The crypto market collapsed. Bitcoin, Ethereum, and Binance dropped 40%. Other cryptos crashed so hard they were delisted from almost every exchange. Bitcoin peaked in April 2022 at $41,000, but after the May interest rate hike, it crashed to $28,000. Bitcoin investors were worried. Even in bad times, this crash is unprecedented.

Bitcoin wasn't "doomed." Before the crash, LUNA was one of the top 5 cryptos by market cap. LUNA was trading around $80 at the start of May 2022, but after the rate hike?

Less than 1 cent. LUNA lost 99.99% of its value in days and was removed from every crypto exchange. Bitcoin's "crash" isn't as devastating when compared to LUNA.

Many people said Bitcoin is "due" for a LUNA-like crash and that the only reason it hasn't crashed is because it's bigger. Still false. If so, Bitcoin should be worth zero by now. We didn't. Instead, Bitcoin reached 28,000, then 29k, 30k, and 31k before falling to 18k. That's not the world's greatest recovery, but it shows Bitcoin's safety.

Bitcoin isn't falling constantly. It fell because of the initial shock of interest rates, but not further. Now, Bitcoin's value is more likely to rise than fall. Bitcoin's low price also attracts investors. They know what prices Bitcoin can reach with enough hype, and they want to capitalize on low prices before it's too late.

Bitcoin's crash was bad, but in a way it wasn't. To understand, consider 2021. In March 2021, Bitcoin surpassed $60k for the first time. Elon Musk's announcement in May that he would no longer support Bitcoin caused a massive crash in the crypto market. In May 2017, Bitcoin's price hit $29,000. Elon Musk's statement isn't worth more than the Fed raising rates. Many expected this big announcement to kill Bitcoin.

Not so. Bitcoin crashed from $58k to $31k in 2021. Bitcoin fell from $41k to $28k in 2022. This crash is smaller. Bitcoin's price held up despite tensions and stress, proving investors still believe in it. What happened after the initial crash in the past?

Bitcoin fell until mid-July. This is also something we’re not seeing today. After a week, Bitcoin began to improve daily. Bitcoin's price rose after mid-July. Bitcoin's price fluctuated throughout the rest of 2021, but it topped $67k in November. Despite no major changes, the peak occurred after the crash. Elon Musk seemed uninterested in crypto and wasn't likely to change his mind soon. What triggered this peak? Nothing, really. What really happened is that people got over the initial statement. They forgot.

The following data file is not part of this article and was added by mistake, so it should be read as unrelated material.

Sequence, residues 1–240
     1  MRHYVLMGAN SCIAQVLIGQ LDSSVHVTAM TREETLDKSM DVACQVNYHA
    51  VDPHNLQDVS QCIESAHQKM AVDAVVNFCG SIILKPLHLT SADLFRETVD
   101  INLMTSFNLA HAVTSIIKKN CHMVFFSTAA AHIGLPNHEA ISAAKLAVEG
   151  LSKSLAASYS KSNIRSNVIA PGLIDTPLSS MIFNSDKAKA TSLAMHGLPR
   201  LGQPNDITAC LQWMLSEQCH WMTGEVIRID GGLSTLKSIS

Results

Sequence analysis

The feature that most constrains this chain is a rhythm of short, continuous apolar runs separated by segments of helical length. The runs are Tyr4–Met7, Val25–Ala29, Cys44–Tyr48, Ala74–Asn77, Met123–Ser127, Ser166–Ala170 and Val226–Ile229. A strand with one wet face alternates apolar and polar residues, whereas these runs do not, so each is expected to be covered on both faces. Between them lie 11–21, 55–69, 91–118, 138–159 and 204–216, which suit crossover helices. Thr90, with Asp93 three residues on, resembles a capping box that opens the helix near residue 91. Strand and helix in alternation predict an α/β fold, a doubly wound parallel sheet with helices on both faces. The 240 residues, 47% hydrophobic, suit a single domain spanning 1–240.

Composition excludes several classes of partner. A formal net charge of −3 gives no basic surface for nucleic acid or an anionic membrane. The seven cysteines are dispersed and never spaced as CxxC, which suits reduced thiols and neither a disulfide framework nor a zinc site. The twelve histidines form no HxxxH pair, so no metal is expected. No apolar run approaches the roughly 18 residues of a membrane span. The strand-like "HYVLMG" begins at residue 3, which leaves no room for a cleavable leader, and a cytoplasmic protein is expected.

Internet users have goldfish-like attention spans. People quickly forgot the crash's cause and were back investing in crypto months later. Despite the market's setbacks, more crypto investors emerged by the end of 2017. Who gained from these peaks? Bitcoin investors who bought low. Bitcoin not only recovered but also doubled its ROI. It was like a movie, and it shows us what to expect from Bitcoin in the coming months.

The current Bitcoin crash isn't as bad as the last one. LUNA is causing market panic. LUNA and Bitcoin are different cryptocurrencies. LUNA crashed because Terra wasn’t able to keep its peg with the USD. Bitcoin is unanchored. It's one of the most decentralized investments available. LUNA's distrust affected crypto prices, including Bitcoin, but it won't last forever.

This is why Bitcoin will likely rebound in the coming months. In 2022, people will get over the rise in interest rates and the crash of LUNA, just as they did with Elon Musk's crypto stance in 2021. When the world moves on to the next big controversy, Bitcoin's price will soar.

Bitcoin may recover for another reason. Like controversy, interest rates fluctuate. The Russian invasion caused this inflation. World markets will stabilize, prices will fall, and interest rates will drop.

Next, lower interest rates could boost Bitcoin's price. Eventually, it will happen. The U.S. economy can't sustain such high interest rates. Investors will put every last dollar into Bitcoin if interest rates fall again.

Bitcoin has proven to be a stable investment. This boosts its investment reputation. Even if Ethereum dethrones Bitcoin as crypto king one day (or any other crypto, for that matter). Bitcoin may stay on top of the crypto ladder for a while. We'll have to wait a few months to see if any of this is true.


This post is a summary. Read the full article here.